House moves bill tightening aggregate mining criteria
By MITCH LIES
SALEM -- A House committee has moved forward a bill that would force aggregate miners to show no alternative sites are available when proposing to mine parcels greater than 5 acres on Class 1 and Class 2 soils in the Willamette Valley.
The House Land Use Committee on April 18 moved House Bill 2202 with a do-pass recommendation by a vote of 4-3, with Republican Reps. John Davis of Wilsonville and Kim Thatcher of Keizer joining Rep. Paul Holvey, D-Eugene in opposition to the bill.
Rep. Kevin Cameron, R-Salem, said he supported the bill under the condition that he may change his vote on the floor depending on the findings of a work group that has been convened to study the issue.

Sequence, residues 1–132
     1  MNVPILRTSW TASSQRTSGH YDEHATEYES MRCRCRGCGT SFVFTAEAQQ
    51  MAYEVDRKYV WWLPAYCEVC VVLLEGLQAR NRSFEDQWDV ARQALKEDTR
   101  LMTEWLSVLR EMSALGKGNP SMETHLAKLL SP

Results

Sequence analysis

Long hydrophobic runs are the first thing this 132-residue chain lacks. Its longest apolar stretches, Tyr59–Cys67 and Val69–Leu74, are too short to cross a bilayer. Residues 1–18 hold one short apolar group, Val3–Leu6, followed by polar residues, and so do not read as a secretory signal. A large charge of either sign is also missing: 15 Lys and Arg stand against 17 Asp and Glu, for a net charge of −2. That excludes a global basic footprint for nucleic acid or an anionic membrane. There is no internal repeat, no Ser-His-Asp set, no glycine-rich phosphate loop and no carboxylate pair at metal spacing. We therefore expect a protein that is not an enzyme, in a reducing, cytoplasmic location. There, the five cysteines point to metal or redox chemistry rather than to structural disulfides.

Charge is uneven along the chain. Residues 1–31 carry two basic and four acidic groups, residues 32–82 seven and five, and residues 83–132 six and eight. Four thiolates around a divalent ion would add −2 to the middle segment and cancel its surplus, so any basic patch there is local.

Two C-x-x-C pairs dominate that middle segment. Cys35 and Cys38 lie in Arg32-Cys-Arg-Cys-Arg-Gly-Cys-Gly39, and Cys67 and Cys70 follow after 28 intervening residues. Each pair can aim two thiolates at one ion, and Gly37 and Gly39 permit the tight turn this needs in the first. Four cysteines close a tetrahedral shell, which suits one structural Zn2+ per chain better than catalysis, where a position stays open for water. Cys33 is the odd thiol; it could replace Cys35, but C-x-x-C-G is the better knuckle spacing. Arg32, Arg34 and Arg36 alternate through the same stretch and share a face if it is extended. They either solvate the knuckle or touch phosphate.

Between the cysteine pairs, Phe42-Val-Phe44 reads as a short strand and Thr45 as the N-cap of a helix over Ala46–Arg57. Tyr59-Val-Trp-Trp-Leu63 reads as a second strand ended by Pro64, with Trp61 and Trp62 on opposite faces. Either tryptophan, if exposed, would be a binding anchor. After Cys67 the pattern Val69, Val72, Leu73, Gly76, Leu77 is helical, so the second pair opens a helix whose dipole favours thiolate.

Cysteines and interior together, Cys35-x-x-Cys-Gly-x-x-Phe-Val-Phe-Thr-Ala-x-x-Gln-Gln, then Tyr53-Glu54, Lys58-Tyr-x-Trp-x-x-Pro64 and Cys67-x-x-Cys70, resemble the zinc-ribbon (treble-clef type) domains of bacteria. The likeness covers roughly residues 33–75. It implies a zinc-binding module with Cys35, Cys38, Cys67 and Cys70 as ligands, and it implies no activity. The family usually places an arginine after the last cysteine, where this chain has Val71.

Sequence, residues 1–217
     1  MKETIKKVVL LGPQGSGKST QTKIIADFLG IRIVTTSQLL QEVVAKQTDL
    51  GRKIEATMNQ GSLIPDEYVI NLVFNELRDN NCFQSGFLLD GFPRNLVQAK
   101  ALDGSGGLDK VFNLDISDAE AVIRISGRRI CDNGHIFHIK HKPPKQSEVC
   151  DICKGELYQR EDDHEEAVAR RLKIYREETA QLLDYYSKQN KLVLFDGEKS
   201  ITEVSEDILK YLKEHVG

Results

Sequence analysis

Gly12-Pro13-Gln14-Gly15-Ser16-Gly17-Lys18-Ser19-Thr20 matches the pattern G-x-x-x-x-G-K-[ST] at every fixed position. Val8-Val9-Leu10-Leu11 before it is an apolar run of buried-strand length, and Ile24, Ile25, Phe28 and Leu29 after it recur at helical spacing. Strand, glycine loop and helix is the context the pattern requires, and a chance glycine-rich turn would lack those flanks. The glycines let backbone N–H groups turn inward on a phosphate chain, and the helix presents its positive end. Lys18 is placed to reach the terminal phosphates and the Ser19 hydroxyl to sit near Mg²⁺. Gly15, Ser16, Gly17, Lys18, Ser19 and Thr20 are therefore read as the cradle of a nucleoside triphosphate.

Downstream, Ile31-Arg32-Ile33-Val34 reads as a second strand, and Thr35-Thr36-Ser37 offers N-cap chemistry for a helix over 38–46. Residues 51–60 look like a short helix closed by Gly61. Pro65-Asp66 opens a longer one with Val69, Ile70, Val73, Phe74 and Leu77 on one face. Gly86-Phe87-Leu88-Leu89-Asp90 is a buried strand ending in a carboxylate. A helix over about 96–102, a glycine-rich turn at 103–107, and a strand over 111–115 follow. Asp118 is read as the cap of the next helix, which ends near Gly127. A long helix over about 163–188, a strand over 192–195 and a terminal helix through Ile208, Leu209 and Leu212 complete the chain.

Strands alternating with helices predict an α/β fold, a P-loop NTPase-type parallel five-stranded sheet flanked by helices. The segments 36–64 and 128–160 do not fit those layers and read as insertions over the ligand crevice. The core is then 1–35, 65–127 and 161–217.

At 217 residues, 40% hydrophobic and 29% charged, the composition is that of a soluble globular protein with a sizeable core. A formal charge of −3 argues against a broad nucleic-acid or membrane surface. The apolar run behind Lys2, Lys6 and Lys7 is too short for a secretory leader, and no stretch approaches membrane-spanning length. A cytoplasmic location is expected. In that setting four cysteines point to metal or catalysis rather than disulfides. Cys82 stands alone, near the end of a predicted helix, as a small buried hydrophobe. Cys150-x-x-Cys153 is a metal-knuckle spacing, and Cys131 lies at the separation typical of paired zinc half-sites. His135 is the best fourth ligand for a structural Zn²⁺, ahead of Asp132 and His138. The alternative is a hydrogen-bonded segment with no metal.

The bill now goes to the Ways and Means Committee.
Asked if the bill could slow the loss of high value farm land to aggregate mining in the valley, Oregon Farm Bureau's Katie Fast said: "That is the hope, that it would force the aggregate industry to look at other lands, and not our very best farmland."
Gary Lynch, assistant director of the Oregon Department of Geology and Mineral Industries, said a little over 10,000 acres of the valley is being mined for aggregate, and of that 2,400 are Class 1 or Class 2 soils.
The figures don't include past completed mining operations or closed aggregate pits, he said.
Under an amendment, aggregate sites currently permitted are exempt from the bill's provisions.